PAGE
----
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Visser M, Bouter LM, McQuillan GM, Wener MH, Harris TB. Elevated C-Reactive Protein Levels in Overweight and Obese Adults. JAMA. 1999;282(22):2131–2135. doi:10.1001/jama.282.22.2131
Author Affiliations: Institute for Research in Extramural Medicine, Faculty of Medicine (Dr Visser and Prof Bouter), Vrije Universiteit, Amsterdam, the Netherlands; Epidemiology, Demography, and Biometry Program, National Institute on Aging, National Institutes of Health, Bethesda, Md (Drs Visser and Harris); National Center for Health Statistics, Centers for Disease Control and Prevention, Hyattsville, Md (Dr McQuillan); and the Departments of Laboratory Medicine and Medicine, University of Washington, Seattle (Dr Wener).
Context Human adipose tissue expresses and releases the proinflammatory cytokine
interleukin 6, potentially inducing low-grade systemic inflammation in persons
with excess body fat.
Objective To test whether overweight and obesity are associated with low-grade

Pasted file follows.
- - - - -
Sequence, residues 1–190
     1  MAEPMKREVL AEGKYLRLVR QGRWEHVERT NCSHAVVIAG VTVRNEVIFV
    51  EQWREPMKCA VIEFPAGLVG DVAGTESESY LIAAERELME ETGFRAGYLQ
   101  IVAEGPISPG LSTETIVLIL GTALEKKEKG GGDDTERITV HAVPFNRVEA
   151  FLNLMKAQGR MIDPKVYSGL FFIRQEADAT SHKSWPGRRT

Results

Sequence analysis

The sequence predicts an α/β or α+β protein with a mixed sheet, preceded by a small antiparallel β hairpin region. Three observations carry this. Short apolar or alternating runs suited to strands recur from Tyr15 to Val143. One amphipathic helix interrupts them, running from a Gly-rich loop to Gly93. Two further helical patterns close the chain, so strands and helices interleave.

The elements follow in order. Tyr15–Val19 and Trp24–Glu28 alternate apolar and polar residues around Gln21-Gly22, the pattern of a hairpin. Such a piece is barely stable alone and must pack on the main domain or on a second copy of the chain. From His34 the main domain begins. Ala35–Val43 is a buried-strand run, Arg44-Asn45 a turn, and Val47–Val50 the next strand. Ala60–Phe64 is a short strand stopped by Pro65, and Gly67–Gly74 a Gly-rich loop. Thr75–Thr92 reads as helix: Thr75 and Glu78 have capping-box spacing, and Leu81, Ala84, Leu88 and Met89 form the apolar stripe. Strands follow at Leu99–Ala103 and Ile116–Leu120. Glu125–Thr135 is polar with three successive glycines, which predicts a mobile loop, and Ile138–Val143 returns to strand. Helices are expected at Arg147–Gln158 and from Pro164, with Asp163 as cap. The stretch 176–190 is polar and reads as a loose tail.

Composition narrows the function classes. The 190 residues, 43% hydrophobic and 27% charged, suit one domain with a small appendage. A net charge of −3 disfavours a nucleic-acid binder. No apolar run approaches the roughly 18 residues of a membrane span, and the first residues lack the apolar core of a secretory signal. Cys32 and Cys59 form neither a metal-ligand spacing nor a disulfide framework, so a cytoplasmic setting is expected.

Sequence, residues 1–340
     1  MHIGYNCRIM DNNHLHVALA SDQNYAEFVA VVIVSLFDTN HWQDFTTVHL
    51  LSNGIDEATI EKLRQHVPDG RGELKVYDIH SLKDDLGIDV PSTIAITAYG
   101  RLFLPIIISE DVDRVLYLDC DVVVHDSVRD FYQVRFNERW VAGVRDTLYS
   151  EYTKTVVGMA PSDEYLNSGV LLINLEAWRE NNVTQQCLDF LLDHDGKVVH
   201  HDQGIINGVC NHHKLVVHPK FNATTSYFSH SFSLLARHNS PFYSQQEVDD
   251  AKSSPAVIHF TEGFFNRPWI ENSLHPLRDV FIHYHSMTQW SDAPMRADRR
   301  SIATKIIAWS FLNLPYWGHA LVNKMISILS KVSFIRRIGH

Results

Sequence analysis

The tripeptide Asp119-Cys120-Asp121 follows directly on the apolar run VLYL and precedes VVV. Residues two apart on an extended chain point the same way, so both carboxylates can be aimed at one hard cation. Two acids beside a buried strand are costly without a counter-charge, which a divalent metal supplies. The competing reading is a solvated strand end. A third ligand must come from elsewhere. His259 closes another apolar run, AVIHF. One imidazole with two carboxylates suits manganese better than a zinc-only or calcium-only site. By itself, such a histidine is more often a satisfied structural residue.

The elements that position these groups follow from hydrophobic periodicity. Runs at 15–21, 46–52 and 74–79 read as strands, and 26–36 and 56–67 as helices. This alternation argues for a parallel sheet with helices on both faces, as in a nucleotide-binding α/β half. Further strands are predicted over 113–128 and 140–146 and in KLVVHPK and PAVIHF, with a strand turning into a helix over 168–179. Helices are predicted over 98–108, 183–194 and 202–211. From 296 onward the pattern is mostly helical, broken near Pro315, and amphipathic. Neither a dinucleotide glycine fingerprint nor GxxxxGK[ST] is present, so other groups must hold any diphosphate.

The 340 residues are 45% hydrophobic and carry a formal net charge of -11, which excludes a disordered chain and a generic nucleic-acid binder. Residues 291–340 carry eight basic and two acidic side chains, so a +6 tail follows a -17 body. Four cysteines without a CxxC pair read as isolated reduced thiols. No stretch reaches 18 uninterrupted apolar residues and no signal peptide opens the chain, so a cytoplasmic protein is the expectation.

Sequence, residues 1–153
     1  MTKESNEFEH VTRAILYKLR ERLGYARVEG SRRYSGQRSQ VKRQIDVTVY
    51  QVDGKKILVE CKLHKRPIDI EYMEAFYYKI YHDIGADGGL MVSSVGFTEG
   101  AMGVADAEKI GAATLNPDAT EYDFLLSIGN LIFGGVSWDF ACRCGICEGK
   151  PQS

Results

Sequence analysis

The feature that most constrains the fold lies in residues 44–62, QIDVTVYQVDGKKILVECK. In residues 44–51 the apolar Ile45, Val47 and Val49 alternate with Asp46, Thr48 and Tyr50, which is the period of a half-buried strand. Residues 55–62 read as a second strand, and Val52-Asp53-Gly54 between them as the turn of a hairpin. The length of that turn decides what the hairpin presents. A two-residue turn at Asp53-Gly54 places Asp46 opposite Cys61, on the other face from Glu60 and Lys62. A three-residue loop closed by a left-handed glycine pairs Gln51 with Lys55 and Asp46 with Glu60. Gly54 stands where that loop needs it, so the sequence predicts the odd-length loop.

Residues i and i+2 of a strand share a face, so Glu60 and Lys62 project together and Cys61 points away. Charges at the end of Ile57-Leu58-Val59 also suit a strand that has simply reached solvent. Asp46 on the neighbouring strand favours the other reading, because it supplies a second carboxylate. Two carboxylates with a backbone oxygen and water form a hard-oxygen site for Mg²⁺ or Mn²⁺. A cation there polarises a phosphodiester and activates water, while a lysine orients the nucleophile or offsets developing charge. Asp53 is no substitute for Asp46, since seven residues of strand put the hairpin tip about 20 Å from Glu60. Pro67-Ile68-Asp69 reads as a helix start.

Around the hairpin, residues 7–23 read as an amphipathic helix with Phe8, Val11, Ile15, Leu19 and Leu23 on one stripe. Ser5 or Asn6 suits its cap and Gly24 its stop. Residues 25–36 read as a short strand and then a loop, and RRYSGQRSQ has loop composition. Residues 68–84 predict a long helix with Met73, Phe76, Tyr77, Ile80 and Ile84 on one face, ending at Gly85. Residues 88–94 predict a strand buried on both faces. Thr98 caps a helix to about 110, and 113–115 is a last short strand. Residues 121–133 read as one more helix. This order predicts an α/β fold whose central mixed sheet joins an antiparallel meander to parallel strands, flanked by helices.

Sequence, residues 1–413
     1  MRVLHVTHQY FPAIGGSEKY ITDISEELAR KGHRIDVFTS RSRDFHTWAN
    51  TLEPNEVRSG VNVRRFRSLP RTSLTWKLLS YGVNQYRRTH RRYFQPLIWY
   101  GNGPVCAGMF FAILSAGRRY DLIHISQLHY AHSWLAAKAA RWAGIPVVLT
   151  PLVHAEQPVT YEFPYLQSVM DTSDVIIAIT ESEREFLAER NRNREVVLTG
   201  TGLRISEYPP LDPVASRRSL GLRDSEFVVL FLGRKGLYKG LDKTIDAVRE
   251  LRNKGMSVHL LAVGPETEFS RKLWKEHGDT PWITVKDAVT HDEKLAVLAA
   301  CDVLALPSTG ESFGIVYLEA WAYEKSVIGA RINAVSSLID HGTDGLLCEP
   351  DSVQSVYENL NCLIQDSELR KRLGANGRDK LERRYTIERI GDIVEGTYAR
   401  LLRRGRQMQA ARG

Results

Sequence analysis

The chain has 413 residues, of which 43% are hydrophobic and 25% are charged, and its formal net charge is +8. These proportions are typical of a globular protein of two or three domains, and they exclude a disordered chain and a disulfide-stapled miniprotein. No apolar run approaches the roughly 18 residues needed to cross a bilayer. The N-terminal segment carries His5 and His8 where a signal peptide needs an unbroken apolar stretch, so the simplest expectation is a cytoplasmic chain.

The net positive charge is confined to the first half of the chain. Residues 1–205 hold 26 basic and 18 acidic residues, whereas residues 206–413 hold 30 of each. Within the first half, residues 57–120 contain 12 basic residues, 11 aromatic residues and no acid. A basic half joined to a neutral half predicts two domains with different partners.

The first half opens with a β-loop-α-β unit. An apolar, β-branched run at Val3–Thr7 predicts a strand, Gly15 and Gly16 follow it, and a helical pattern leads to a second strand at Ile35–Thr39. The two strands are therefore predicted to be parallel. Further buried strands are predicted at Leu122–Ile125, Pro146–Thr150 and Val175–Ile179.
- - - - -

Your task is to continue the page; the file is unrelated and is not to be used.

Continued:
systemic inflammation as measured by serum C-reactive protein (CRP) level.
Design and Setting The Third National Health and Nutrition Examination Survey, representative
of the US population from 1988 to 1994.
Participants A total of 16,616 men and nonpregnant women aged 17 years or older.
Main Outcome Measures Elevated CRP level of 0.22 mg/dL or more and a more stringent clinically
raised CRP level of more than 1.00 mg/dL.
Results Elevated CRP levels and clinically raised CRP levels were present in
27.6% and 6.7% of the population, respectively. Both overweight (body mass
index [BMI], 25-29.9 kg/m2) and obese (BMI, ≥30 kg/m2)
persons were more likely to have elevated CRP levels than their normal-weight
counterparts (BMI, <25 kg/m2). After adjustment for potential
confounders, including smoking and health status, the odds ratio (OR) for
elevated CRP was 2.13 (95% confidence interval [CI], 1.56-2.91) for obese
men and 6.21 (95% CI, 4.94-7.81) for obese women. In addition, BMI was associated
with clinically raised CRP levels in women, with an OR of 4.76 (95% CI, 3.42-6.61)
for obese women. Waist-to-hip ratio was positively associated with both elevated
and clinically raised CRP levels, independent of BMI. Restricting the analyses
to young adults (aged 17-39 years) and excluding smokers, persons with inflammatory
disease, cardiovascular disease, or diabetes mellitus and estrogen users did
not change the main findings.
Conclusion Higher BMI is associated with higher CRP concentrations, even among
young adults aged 17 to 39 years. These findings suggest a state of low-grade
systemic inflammation in overweight and obese persons.
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